Seaside Stories

How to Get Epic Tillamook Rock Lighthouse Views

September 2, 2017 | by By Shellie Bailey-Shah

Views of Tillamook Rock Lighthouse are well within your reach thanks to the adventure of the Tillamook Head Trail just south of Seaside.

In 1806, the Lewis and Clark expedition crossed Tillamook Head to buy the blubber of a stranded whale from Native Americans at Cannon Beach. At the viewpoint, Captain William Clark famously marveled, “I behold the grandest and most pleasing prospect which my eyes ever surveyed.”

Today, you can hike the same trail as Clark — the Tillamook Head Trail —and look in awe at the same view. You’ll also get to see the infamous Tillamook Rock Lighthouse, perched on an inhospitable rock often swept over by crashing waves. Nicknamed “Terrible Tilly,” the lighthouse had a reputation for ill-tempered lighthouse keepers whose cramped quarters and isolation sometimes got the better of them.

THE QUEST BEGINS

Your quest to see Tillamook Rock begins on the south side of Seaside at the end of Sunset Boulevard. Here you’ll find a free parking lot and the Tillamook Head trailhead in Elmer Feldenheimer Forest Preserve. If you were to look at a trail map, you might assume that you’d be treated to ocean views along the entire trail. Instead you’ll find that much of the trail runs under towering Sitka spruce, Western hemlock and Western red cedar with a bed of deer ferns, skunk cabbage and goose-neck moss. To see Terribly Tilly, you’ll need to do a little work.

The most strenuous part of the climb is at the very beginning with a series of switchbacks that yield an elevation gain of 900 feet. You’ll reach the highest point after about 1.7 miles. The trail levels out and then meanders along the 1,130-foot-tall headland. Just after the 4-mile mark, you’ll pass three, open-sided camping shelters in addition to a six-room, concrete bunker that housed radar equipment during World War II. A short spur trail leads to the cliffside viewpoint where you’ll spot Tilly a little over a mile offshore, lonely and forgotten. The view, however, will be one to remember.

THE JOURNEY BACK

Retrace your steps to the parking lot, or if you’re feeling really ambitious, you can continue 1.6 miles to Indian Beach picnic area or beyond that, another 1.5 miles to Ecola State Park in Cannon Beach.

If you make the full trek to Cannon Beach, you can call one of two cab companies in Seaside for a lift back. At the time of writing, Aalpha Shuttle (503-440-7777) charges $22 for a ride from Ecola Point and $27 from Indian Beach; Royal (503-325-5818) does not have a flat rate from either of those two locations, but you can expect to pay between $30-$40.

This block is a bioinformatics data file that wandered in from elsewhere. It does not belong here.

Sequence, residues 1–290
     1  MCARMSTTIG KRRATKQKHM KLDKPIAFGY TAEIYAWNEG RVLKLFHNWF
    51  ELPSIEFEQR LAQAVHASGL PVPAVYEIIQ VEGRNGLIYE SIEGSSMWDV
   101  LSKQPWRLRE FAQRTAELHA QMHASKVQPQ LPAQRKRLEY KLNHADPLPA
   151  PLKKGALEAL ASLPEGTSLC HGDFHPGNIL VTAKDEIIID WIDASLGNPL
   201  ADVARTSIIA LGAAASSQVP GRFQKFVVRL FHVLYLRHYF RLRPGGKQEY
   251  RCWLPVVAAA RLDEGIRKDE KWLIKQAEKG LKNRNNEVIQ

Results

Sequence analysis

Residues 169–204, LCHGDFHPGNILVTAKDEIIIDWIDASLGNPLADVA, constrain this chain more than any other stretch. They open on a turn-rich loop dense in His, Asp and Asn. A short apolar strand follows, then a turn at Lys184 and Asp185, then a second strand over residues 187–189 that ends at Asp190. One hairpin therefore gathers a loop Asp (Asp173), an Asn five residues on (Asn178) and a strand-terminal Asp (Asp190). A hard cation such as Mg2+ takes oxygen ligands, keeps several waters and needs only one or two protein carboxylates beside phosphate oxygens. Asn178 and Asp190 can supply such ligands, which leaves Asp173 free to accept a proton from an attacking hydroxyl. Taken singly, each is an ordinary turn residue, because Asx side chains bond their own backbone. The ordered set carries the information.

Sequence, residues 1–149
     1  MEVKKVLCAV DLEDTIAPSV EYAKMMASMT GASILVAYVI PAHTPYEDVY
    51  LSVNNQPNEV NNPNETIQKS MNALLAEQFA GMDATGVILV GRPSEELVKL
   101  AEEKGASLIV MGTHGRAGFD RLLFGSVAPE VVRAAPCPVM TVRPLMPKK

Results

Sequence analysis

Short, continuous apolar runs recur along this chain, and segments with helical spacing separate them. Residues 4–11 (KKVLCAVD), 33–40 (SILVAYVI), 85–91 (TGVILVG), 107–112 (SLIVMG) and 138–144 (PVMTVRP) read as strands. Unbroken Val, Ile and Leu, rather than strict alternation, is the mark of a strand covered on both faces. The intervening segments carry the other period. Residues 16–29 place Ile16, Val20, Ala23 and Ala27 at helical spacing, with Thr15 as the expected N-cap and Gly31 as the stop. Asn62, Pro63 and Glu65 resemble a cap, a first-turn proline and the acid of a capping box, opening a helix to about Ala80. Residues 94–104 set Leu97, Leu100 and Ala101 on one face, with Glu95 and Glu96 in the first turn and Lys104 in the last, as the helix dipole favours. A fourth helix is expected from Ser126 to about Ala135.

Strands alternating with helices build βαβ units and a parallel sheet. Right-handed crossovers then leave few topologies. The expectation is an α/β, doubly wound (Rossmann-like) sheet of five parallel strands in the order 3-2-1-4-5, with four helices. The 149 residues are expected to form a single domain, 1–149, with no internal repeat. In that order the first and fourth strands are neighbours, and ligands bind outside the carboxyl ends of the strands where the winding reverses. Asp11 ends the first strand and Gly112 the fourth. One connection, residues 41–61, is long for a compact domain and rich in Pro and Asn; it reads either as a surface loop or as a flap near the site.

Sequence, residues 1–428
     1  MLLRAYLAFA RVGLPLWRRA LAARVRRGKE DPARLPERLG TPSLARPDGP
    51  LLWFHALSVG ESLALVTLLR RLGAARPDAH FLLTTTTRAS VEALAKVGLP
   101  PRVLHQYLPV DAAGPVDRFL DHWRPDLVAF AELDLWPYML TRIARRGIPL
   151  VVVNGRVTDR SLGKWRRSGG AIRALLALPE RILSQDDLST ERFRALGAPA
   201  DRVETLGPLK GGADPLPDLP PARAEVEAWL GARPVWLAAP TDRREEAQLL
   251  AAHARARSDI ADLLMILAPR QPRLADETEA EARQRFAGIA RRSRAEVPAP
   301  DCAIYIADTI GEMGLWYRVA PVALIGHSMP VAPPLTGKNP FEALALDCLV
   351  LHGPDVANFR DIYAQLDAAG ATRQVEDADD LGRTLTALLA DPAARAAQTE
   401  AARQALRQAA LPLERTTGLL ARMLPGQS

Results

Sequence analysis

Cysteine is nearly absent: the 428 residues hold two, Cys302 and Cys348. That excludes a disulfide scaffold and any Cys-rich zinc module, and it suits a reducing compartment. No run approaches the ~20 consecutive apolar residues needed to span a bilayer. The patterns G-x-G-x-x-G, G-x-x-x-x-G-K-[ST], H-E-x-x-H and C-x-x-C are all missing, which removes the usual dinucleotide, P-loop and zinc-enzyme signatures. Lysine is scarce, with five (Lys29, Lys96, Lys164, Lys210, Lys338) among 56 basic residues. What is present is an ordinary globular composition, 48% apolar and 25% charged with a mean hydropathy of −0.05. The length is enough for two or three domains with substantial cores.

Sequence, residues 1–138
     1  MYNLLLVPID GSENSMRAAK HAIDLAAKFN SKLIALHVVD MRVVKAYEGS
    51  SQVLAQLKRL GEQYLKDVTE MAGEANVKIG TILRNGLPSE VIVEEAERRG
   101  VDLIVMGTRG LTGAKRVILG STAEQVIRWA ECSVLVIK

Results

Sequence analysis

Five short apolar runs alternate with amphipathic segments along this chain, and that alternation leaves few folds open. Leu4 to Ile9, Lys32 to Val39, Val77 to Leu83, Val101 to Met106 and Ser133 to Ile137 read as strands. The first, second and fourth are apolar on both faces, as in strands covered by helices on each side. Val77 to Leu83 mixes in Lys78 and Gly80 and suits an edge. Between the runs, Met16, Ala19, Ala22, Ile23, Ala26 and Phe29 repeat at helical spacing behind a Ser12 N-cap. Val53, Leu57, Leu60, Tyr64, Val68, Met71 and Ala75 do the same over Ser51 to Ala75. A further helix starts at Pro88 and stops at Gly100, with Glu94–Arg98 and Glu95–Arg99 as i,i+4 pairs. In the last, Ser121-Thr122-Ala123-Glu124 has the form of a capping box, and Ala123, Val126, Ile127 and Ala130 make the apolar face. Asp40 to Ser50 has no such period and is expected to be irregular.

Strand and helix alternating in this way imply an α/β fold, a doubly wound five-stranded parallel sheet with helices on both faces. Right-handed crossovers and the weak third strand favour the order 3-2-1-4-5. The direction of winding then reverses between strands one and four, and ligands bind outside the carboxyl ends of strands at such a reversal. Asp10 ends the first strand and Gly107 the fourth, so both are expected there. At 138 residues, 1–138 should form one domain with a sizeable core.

Click here for more great hikes in and around Seaside.

Photo by Greg Vaughn

and so much more!

MotorTrend Magazine – Epic Drives: Classic Cobra Visits Seaside

MotorTrend Magazine makes the trek to Seaside, Oregon to show off a Classic Cobra

Learn More
The Seaside Estuary makes an ideal spot to go bird watching along the Oregon Coast.
Where to Go Birding in Seaside

Seaside may be a small town, but it’s a big destination for birds, and as a result, birdwatchers hitting nearby spots on the Ore...

Learn More
Riders of the Storm

Winter weather on the Oregon Coast is the flipside to flipside to golden summers, but it can be just as beautiful.

Learn More
Beach Books is an independent book store in Seaside, Oregon.
Where to Shop for Souvenirs in Seaside

Hunting for bargains? Searching for Seaside souvenirs? Seeking one-of-a-kind gifts? You’ve come to the right place. To your deli...

Learn More
Ice Cream for Dinner

More than a dozen frozen treat shops, the thought of brain freeze is likely.

Learn More
Broadway Retro

A look at downtown Seaside during the 1960s

Learn More
Seaside Promenade

I walked along the Prom last weekend on a beautifully bright and sunny day and found myself surrounded by walkers, runners, people on all sorts of wheels, strollers, couples holding hands, and dogs of all sizes leading their people around. I also heard all sorts of accents and languages-and saw plenty of cameras.

Learn More
The Big Storm

The Oregon Climate Service calls it the Great Coastal Gale of 2007, but here in Seaside we just call it The Big Storm.

Learn More
New Seaside App a perfect tool for visitors and locals

An overview of Seaside's new mobile application

Learn More
How to Treasure the Beach

No one owns the Oregon Coast — it belongs to everyone. Thanks to 1967’s landmark Beach Bill, Oregon has some of the most prote...

Learn More
Hot Spots

Just like the windswept Oregon coastline itself, Seaside is ever-changing. While embracing traditional attractions like the Promen...

Learn More
My First Trip to Seaside

Recalling a memorable first trip to Seaside, Oregon

Learn More
Northwest Travel Magazine: Best Eats on Oregon’s North Coast

Article on Best Eats on Oregon's North Coast

Learn More
Digging for the Bounty!

Razor clamming on Oregon

Learn More
“Gee, the Water’s Fine”

A trip to the beach is not only fun, it's good for your health!

Learn More
Bell Buoy of Seaside offers fresh seafood and features ready-to-eat items in an adjacent restaurant.
Can’t-Miss Dungeness Crab Eats

It’s a short journey from ocean to plate in Seaside, especially when it comes to Oregon’s official crustacean: the delectable ...

Learn More
Color Now Bursting on the Coast

Pick up a colorful bouquet of summer dahlias at roadside stands along Highway 101 and other coast highways

Learn More
Hot Summer Car Shows help usher in the summer season in Seaside.
Hot Summer Car Shows

Two Seaside car shows help usher in and wind down the summer travel season

Learn More